Harry had had a quick look round and noticed that the kids had disappeared somewhere. He hoped that they hadn't gone to slaughter each other in private, but he also hoped that they'd pissed off for long enough just in case Harry did pluck up the courage to—
Draco kissed him.
It was a quick, supremely awkward thing, but Harry discovered, to his surprise, that he was shaking like a leaf. At least, he thought that it was him who was shaking, rather than Draco, but it was hard to tell. Everything felt very unlikely, and very wobbly. He hoped that he wasn't just hallucinating – had one of the Malfoy pair finally cracked and fed him poison?
Draco pulled back. He had the cold, hard Malfoy face on again and, for a moment, Harry wondered if he was going to say something unpleasant. But he didn't. And Draco was shaking, Harry realised, very faintly round the edges, despite the unpleasant expression.
"Er," Harry said. "Shall we try that again?"
Draco blinked and looked disconcertingly surprised. "You mean . . . you want to?"
"If you want to," Harry said hastily and then, when Draco didn't reply, tried to smile. "Don't you want to?" he asked, feeling annoyed at how small and stupid his voice sounded.
And then Draco was kissing him, and properly this time, like they were both teenagers and couldn't get enough of it. And Harry felt like a teenager – and always had, to be honest; still surprised whenever he looked in the mirror and saw a grown-up looking back – and he wanted Draco oh-Merlin-so-so-very-much.
It was odd, kissing someone new. It had been too long for Harry, and he wondered if it had been as long for Draco – whose wife, Harry had heard, had left him, or so the scandalous rumours had suggested. Harry wished he could turn his brain off. He wasn't sure whether the thought that he was kissing Draco Malfoy was more terrifying, or more . . . He pulled back, panting.
"Where'd the boys go?" Harry asked when he had enough breath, definitely not wanting Al to see him in such a state. Wizarding robes had their plus sides when it came to snogging sessions – and he was wearing jeans, and very uncomfortable they were too.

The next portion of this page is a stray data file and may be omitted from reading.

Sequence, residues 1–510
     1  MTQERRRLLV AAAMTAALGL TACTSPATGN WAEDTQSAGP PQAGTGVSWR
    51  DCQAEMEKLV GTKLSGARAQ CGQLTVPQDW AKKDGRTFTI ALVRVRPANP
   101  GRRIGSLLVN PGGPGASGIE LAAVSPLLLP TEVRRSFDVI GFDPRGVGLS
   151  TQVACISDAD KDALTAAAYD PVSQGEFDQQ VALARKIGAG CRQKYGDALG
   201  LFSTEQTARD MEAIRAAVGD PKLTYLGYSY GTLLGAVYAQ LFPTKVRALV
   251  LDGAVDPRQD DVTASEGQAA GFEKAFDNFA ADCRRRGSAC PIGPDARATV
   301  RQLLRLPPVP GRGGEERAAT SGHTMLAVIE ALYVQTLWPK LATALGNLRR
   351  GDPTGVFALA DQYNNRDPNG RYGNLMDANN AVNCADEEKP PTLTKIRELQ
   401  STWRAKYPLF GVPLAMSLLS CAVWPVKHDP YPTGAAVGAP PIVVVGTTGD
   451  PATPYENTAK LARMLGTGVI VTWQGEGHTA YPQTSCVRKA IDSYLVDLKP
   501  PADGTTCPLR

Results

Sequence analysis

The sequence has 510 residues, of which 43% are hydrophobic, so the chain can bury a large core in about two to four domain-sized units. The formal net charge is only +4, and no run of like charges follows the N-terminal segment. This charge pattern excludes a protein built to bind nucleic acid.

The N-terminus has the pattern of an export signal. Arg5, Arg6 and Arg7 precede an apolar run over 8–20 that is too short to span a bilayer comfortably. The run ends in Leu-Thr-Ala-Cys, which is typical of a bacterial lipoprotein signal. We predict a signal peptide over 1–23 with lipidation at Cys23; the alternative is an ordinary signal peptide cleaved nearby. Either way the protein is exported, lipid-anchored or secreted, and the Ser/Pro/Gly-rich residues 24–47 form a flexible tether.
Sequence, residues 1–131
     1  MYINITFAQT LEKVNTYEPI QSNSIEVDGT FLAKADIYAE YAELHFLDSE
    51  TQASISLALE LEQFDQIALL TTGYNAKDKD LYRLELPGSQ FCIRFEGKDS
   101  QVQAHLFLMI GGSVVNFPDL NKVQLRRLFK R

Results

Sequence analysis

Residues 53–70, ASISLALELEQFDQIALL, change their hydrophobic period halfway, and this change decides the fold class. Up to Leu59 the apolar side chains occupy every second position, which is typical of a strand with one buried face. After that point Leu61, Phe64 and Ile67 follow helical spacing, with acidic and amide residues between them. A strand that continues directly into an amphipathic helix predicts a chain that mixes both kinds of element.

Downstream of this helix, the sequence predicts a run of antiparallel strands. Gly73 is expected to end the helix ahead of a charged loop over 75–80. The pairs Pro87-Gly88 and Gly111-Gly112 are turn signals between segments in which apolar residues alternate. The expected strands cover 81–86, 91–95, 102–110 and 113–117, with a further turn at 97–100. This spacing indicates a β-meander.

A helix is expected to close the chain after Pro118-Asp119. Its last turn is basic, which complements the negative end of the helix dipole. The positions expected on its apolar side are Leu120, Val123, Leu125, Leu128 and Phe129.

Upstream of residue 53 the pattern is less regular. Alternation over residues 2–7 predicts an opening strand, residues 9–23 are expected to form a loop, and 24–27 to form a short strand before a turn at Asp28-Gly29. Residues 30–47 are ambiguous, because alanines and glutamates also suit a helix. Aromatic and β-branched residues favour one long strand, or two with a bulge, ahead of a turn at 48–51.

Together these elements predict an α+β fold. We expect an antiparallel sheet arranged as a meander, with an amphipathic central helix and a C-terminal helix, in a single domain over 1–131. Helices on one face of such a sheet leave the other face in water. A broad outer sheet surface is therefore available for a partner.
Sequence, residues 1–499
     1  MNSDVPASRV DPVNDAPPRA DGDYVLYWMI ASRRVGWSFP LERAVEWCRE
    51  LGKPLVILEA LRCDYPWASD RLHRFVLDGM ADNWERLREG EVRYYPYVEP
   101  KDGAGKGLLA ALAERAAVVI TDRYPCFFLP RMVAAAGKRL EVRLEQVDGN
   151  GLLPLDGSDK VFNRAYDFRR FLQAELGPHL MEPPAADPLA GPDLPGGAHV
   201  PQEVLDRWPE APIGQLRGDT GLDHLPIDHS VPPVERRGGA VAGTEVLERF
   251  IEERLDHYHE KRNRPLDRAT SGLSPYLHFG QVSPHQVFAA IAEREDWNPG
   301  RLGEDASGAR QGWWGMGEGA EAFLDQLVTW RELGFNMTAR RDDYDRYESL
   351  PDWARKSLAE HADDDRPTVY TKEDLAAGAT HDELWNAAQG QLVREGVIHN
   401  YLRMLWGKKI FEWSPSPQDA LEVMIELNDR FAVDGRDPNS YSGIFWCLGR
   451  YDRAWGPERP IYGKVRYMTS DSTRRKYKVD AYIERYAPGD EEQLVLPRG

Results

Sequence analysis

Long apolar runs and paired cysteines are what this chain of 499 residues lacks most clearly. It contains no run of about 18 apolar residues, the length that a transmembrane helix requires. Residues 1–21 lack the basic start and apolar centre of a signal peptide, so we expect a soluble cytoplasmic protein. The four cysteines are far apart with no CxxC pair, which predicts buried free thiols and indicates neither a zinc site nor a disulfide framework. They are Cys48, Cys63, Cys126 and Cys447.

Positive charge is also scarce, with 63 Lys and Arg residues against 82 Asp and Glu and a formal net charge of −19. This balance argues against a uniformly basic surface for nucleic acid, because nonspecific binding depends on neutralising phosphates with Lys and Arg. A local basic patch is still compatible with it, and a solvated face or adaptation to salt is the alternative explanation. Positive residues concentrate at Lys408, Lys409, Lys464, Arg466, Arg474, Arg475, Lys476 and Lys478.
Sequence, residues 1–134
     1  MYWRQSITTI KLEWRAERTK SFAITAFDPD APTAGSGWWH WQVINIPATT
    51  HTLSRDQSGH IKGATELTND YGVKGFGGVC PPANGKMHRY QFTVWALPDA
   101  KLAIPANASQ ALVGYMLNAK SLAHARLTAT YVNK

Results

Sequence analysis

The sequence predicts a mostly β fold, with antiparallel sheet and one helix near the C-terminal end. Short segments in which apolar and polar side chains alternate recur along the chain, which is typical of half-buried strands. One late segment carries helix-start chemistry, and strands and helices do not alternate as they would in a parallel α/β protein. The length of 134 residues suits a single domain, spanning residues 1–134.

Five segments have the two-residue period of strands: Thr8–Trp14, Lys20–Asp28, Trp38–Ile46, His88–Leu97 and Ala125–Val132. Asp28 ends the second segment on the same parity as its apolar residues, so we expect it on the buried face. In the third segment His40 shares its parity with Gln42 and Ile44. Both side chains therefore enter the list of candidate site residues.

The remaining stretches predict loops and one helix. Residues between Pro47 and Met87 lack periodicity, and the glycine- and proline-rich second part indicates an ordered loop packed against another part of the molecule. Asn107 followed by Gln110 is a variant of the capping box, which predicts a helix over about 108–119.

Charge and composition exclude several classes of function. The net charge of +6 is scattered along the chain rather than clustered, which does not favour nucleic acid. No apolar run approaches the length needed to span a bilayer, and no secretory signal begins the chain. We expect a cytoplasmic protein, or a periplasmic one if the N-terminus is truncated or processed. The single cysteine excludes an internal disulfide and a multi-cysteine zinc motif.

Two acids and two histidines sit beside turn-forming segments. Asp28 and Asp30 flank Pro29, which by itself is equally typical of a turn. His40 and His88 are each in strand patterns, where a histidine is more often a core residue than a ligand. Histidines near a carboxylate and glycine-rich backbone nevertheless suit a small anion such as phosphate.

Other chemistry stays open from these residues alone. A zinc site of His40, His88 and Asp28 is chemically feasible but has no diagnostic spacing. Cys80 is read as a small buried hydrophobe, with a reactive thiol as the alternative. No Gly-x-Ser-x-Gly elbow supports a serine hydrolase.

"I expect they're playing Exploding Snap," Draco said and – strangely – blushed.
Draco sighed. "I'm sorry, Harry. I suspect Albus Severus didn't inform you, as Scorpius informed me this morning, that they have . . . manufactured their hatred to allow us to . . ." He trailed off, waving a hand as if hoping that he wouldn't have to continue.
"To what?" Harry said, wanting to make things perfectly clear. He had to decide whether to murder his son in a quick, painless way, or whether it was necessary to drag it out for many, many weeks.
"To make up," Draco said firmly, although the colour in his cheeks deepened. "I may have mentioned I desired that to Scorpius, once or twice," he muttered. "However, I expect this turn of events will make them wish to kill us both. Although, perhaps you don't wish to . . ." He stopped again, practically purple by now, Harry thought.
"Er," Harry said, thinking that he'd quite like to answer that, but not sure how to force words out of his mouth. "I do. You know . . . we could give it a go. Stranger things have happened."
"I can't think what," Draco said, almost despairingly, by some miracle seeming to understand what Harry had meant.
Harry reached over and rubbed his thumb over Draco's cheek, attempting to clean off the mud. Draco's face took on a pleasingly dazed expression and his lips parted.
Harry leaned in for another kiss. And then . . .
"ARGHHH," Harry said.
"You two are so disgusting," Al said, wrinkling his nose as he tipped the rest of the bucket of cold water over Harry's head.
"Really, Father," Scorpius said, his arms folded. "I thought you had better taste." He sniffed. "And certainly more sense of propriety."